Serum levels of C-peptide, IGFBP-1 and IGFBP-2 and endometrial cancer risk; results from the European Prospective Investigation into Cancer and Nutrition

Anne E. Cust, Naomi E. Allen, Sabina Rinaldi, Laure Dossus, Christine Friedenreich, Anja Olsen, Anne Tjønneland, Kim Overvad, Françoise Clavel-Chapelon, Marie Christine Boutron-Ruault, Jakob Linseisen, Jenny Chang-Claude, Heiner Boeing, Mandy Schulz, Vassiliki Benetou, Antonia Trichopoulou, Dimitrios Trichopoulos, Domenico Palli, Franco Berrino, Rosario TuminoAmalia Mattiello, Paolo Vineis, J. Ramón Quirós, Antonio Agudo, Maria Jose Sánchez, Nerea Larrañaga, Carmen Navarro, Eva Ardanaz, H. Bas Bueno-de-Mesquita, Petra H M Peeters, Carla H. Van Gils, Sheila Bingham, Kay Tee Khaw, Tim Key, Nadia Slimani, Elio Riboli, Rudolf Kaaks

Research output: Contribution to journalArticlepeer-review

Abstract

We conducted a case-control study nested within the European Prospective Investigation into Cancer and Nutrition, to examine the associations between prediagnostic serum concentrations of C-peptide, insulin-like growth factor binding protein (IGFBP)-1 and IGFBP-2, and endometrial cancer risk. Among pre- and post-menopausal women, who were not currently using exogenous hormones, 286 women developed incident endometrial cancer during an average 5.1 years follow-up. Using risk set sampling, 555 matched control subjects were selected. In conditional logistic regression models adjusted for matching factors only, endometrial cancer risk increased with increasing serum levels of C-peptide (relative risks (RR) for the top vs. bottom quartile = 2.13 [95% confidence interval (CI) 1.33-3.41], ptrend = 0.001, and decreasing serum levels of IGFBP-2 (RR for the top vs. bottom quartile = 0.56 [95% CI 0.35-0.90], ptrend = 0.03, but was not significantly associated with IGFBP-1 levels (RR for the top vs. bottom quartile = 0.76 [95% CI 0.47-1.21], p trend = 0.25). In BMI-adjusted models, only the C-peptide association remained marginally statistically significant (RR for the top vs. bottom quartile = 1.56 [95% CI 0.94-2.57], ptrend = 0.05 for C-peptide; 0.84 [95% CI 0.50-1.40], ptrend = 0.74 for IGFBP-2; and 1.08 [95% CI 0.65-1.78], ptrend = 0.86 for IGFBP-1 levels). These associations were stronger among nonfasting women (≤6 hr since last meal; 63% of subjects) but were not evident among fasting women, although the interactions were not statistically significant. The C-peptide-risk association was substantially attenuated after adjustment for free estradiol in postmenopausal women (RR for the top vs. bottom quartile = 1.28 [95% CI 0.67-2.45], ptrend = 0.42. Our results provide modest support to the hypothesis that hyperinsulinaemia is a risk factor for endometrial cancer.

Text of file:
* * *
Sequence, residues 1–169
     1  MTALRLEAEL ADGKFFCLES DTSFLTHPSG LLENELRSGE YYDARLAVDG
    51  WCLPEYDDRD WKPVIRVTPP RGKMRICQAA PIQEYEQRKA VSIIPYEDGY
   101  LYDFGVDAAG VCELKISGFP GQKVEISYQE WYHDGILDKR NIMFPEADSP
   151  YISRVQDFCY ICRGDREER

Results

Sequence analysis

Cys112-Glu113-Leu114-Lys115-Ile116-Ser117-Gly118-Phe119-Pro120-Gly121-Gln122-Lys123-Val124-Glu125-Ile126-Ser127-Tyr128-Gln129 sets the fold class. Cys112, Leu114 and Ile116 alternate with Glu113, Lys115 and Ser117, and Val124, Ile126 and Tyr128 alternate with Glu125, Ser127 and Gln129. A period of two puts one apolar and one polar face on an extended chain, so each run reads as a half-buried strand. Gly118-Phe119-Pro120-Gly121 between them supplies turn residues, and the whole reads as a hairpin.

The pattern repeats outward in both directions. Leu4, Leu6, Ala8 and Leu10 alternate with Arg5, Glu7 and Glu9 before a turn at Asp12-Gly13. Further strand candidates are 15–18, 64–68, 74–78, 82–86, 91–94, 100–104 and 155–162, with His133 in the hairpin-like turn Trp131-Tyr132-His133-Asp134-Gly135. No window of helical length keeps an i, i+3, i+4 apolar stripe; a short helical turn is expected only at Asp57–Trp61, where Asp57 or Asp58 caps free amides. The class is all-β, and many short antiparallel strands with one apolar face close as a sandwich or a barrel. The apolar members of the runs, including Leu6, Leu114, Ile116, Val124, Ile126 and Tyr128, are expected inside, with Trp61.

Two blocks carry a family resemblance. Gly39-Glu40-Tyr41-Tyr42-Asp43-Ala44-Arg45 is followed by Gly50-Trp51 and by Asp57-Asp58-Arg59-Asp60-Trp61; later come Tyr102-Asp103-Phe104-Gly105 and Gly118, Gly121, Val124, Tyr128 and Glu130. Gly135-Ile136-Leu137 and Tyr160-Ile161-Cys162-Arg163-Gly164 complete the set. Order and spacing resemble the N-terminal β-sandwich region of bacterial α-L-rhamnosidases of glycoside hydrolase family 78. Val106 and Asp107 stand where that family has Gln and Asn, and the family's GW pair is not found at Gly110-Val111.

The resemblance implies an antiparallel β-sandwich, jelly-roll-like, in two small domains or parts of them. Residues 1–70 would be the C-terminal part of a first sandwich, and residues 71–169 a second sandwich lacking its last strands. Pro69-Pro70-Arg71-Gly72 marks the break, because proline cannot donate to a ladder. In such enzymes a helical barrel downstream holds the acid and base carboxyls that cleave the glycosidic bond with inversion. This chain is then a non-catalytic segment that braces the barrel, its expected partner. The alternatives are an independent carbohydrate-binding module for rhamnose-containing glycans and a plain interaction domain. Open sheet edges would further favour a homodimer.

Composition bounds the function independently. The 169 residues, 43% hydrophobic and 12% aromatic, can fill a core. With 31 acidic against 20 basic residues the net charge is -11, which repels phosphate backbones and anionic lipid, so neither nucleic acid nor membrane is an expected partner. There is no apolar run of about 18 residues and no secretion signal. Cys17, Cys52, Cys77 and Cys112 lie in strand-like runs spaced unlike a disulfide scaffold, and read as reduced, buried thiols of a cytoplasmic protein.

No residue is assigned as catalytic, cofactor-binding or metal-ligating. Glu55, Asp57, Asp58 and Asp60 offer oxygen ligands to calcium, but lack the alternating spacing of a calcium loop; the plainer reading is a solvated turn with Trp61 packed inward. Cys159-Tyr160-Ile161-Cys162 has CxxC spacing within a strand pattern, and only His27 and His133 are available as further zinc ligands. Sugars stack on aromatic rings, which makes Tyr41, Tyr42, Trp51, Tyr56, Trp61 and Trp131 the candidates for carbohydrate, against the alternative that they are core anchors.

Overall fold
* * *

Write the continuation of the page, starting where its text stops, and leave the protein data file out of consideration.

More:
Original languageEnglish
Pages (from-to)2656-2664
Number of pages9
JournalInternational Journal of Cancer
Volume120
Issue number12
DOIs
Publication statusPublished - Jun 15 2007

Keywords

  • C-peptide
  • Endometrial cancer
  • IGFBP-1
  • IGFBP-2
  • Insulin
  • Prospective

ASJC Scopus subject areas

  • Cancer Research
  • Oncology

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